Tuesday, February 9, 2016

New Laws for 2016 in New Hampshire

Three ways to lose out in 2016 – lose your money, lose your reputation and lose your liberty. Amongst the many new laws of 2016, here are three quick points to bear in mind and to consider:
 Losing Money

1.    The failure to yield/move over law enacted for 2016 going forward results in an increased fine for anyone convicted of failing to yield to emergency vehicles.  Not only does this include roadside motor vehicle stops by police but also fire trucks and ambulances, as well as plow trucks, and tow vehicles that are assisting law enforcement or fire department personnel.  To avoid a motor vehicle offense, motorists must make every attempt to distance themselves from the scene by pulling into the neighboring lane and giving as wide a berth as possible to these emergency vehicles.  Fines for subsequent convictions have also increased.  The choice is yours: Either “move over or fork over” money to the State.

Losing Your Reputation
2.    There has been a new enactment and provision to the sex offender/lewd and obscene behavior statute.  Going forward, any sexual or obscene-type act that is witnessed by someone under the age of sixteen (16) can result in a criminal complaint being filed under the sex-offender statute.  While most people will think that type of situation could never happen to them, the way this statute is written is meant to “expose” individuals to a new charge. For example, any type of public urination that is witnessed by someone under 16 could bring about this charge.  Furthermore, sexual relations between consenting adults that is witnessed in public by someone under 16 could also bring about this charge.  In essence, and in practical terms, that spontaneous moment between couples on a beach, hiking trail, picnic spot or open field, if witnessed by any person under the age of 16, could result in arrest and a criminal complaint.  The publication of this charge falls under the sex offender statute and, thus, your reputation and public perception could be immediately lost. Therefore, the classic cliché of “get a room” absolutely applies and is the best advice, legal or otherwise, you could get in such situations.

Losing Your Liberty

3.    The restraining order/stalking statutes have been amended and now include a provision requiring mandatory incarceration for any violation of an existing court order.  Prior to 2016, if someone was granted a restraining order against another individual and an alleged violation of said order occurred, the bail commissioner and the police department had discretion, based upon the severity of the offense, as to whether or not to release the alleged offender or hold him/her until a judge could make a determination.  However, as of January 1, 2016, any alleged violation of a restraining order or stalking order will result in mandatory incarceration until such time as a judge determines the safety of the victim and the likelihood of repeat offenses.  In practical terms, if an alleged violation occurs in a husband/wife or boyfriend/girlfriend situation, for which there is an existing court order, it will now result in mandatory incarceration until the matter is addressed by a judge. For example, if an alleged violation for a phone call, drive by of the residence, incidental/accidental contact at a restaurant, a department store, or a public parking lot occurs on a Friday evening, this could result in you being held at the County Jail until Monday morning for court, or worse case until Tuesday, if there is a holiday observed by the court and they are closed on Monday.  Thus, a temporary of loss of good judgment could now result in an immediate loss of liberty for several days. If you have questions regarding these new laws or other are facing incarceration you should speak with an experienced criminal defense attorney in New Hampshire.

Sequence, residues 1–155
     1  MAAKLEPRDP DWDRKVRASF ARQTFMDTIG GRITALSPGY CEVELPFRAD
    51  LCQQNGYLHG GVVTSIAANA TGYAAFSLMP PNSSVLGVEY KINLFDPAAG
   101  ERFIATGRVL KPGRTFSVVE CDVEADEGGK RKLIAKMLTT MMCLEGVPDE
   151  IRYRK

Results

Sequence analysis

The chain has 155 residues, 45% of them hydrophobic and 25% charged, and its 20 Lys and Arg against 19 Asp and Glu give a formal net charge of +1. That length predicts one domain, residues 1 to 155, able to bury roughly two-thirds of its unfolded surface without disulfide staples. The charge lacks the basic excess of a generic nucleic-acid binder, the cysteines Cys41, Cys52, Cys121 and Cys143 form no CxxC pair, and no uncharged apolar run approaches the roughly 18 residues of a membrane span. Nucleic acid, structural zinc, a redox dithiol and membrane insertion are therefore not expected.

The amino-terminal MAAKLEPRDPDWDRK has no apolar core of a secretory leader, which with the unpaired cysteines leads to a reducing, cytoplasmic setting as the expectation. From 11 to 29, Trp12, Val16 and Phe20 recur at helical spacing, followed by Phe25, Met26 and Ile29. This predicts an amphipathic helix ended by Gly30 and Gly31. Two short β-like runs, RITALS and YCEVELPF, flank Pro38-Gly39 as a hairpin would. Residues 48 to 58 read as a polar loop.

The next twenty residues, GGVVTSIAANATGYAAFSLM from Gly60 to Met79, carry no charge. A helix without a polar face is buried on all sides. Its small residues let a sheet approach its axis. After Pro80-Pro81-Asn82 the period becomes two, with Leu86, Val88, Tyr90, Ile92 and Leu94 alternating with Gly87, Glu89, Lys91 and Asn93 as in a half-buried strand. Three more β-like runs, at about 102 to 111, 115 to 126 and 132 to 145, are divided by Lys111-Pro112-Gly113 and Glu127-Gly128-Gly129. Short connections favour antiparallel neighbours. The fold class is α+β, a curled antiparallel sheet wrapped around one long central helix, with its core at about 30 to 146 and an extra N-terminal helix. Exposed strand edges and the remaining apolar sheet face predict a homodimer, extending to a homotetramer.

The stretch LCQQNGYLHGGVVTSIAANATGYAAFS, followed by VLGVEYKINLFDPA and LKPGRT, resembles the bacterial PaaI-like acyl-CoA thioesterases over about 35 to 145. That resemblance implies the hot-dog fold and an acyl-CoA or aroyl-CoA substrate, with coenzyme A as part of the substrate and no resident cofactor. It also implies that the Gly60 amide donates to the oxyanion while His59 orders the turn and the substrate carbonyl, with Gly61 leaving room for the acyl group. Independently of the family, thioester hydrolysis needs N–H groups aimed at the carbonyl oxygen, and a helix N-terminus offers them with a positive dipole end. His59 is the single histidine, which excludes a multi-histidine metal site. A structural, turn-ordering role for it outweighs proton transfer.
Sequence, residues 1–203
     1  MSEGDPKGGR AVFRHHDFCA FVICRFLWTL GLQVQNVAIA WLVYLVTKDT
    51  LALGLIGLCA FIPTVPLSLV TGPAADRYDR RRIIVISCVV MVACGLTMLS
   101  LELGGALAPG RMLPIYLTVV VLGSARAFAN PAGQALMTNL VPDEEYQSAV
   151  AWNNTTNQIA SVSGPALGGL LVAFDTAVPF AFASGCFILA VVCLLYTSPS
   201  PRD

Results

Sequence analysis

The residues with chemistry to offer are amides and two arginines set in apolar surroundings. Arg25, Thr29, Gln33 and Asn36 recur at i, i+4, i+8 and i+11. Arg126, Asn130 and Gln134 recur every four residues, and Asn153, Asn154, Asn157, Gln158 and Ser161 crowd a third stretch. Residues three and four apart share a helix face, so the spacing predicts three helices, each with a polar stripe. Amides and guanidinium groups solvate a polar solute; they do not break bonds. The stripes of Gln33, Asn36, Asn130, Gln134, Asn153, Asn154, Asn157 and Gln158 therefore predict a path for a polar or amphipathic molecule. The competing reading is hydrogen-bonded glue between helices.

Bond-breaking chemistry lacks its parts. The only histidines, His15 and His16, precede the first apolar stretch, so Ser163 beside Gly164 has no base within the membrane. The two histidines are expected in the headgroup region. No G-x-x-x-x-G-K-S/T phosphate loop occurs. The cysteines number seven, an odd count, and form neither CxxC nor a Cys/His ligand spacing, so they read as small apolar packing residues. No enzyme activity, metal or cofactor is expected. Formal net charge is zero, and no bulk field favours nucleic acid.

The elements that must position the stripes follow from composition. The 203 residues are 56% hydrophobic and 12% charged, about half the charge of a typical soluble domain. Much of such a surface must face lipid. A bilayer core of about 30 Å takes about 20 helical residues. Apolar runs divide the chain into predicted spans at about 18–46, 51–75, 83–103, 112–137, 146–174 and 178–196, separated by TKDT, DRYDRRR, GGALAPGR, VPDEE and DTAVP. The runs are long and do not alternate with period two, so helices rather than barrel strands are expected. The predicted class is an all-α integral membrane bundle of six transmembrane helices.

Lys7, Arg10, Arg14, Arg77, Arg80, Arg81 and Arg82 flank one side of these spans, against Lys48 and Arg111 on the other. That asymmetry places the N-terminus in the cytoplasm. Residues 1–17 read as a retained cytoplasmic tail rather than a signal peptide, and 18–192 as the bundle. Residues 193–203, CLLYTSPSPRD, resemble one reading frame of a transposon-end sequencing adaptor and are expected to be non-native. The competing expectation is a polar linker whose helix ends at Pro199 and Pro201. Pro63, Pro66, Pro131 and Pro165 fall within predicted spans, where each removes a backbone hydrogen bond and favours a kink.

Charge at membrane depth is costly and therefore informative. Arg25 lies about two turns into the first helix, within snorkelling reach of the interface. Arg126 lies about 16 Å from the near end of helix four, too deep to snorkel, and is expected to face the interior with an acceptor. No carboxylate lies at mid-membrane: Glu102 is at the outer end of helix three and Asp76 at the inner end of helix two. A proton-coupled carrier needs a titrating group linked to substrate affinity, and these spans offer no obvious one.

By Robert Bartis